Striking correlation found between infection and mood disorders
Researchers have found that every third person who is diagnosed for the first time with a mood disorder had been admitted to hospital with an infection prior to the diagnosis. The study, appearing in the journal JAMA Psychiatry, is the largest of its kind, following more than 3 million Danes between 1977 and 2010. It involved researchers from Aarhus University (Denmark), the University of Copenhagen, and Johns Hopkins University.
Researcher Michael Eriksen Benrós, from Aarhus University, says the results lend strength to the idea that the immune system is intimately linked to mental health. That notion adds another facet to the "hygiene hypothesis" that links a variety of autoimmune conditions to an inflammatory response caused by the loss of healthy bacteria in the gut.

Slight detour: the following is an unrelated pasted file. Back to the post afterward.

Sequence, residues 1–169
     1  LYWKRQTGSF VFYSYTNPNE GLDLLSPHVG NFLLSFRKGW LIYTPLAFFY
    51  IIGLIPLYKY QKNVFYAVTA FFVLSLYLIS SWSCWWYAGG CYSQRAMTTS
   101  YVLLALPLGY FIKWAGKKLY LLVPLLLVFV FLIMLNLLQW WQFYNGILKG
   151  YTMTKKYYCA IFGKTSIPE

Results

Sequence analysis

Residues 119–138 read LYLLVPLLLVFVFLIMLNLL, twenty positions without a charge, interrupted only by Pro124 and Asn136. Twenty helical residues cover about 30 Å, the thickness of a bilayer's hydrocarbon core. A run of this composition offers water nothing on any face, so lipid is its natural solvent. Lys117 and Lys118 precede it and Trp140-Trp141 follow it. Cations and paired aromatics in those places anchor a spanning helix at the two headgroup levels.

"Our study shows that the risk of developing a mood disorder increases by 62 percent for patients who have been admitted to hospital with an infection. In other words, it looks as though the immune system is somehow involved in the development of mood disorders," said Benrós.
The new findings place a question mark over our understanding of the blood-brain barrier which is supposed to protect the brain. Other recent studies have identified factors, such as diet, that appear to affect the permeability of this barrier.
Benrós believes the increased risk of mood disorders can be explained by infections penetrating the barrier. "Normally, the brain is protected by the so-called blood-brain barrier, but in the case of infections and inflammation, new research has shown that the brain can be affected on account of a more permeable blood-brain barrier," he suggests.
"We can see that the brain is affected, whichever type of infection or autoimmune disease it is. Therefore, it is important that more research is conducted into the mechanisms which lie behind the connection between the immune system and mood disorders," he concluded.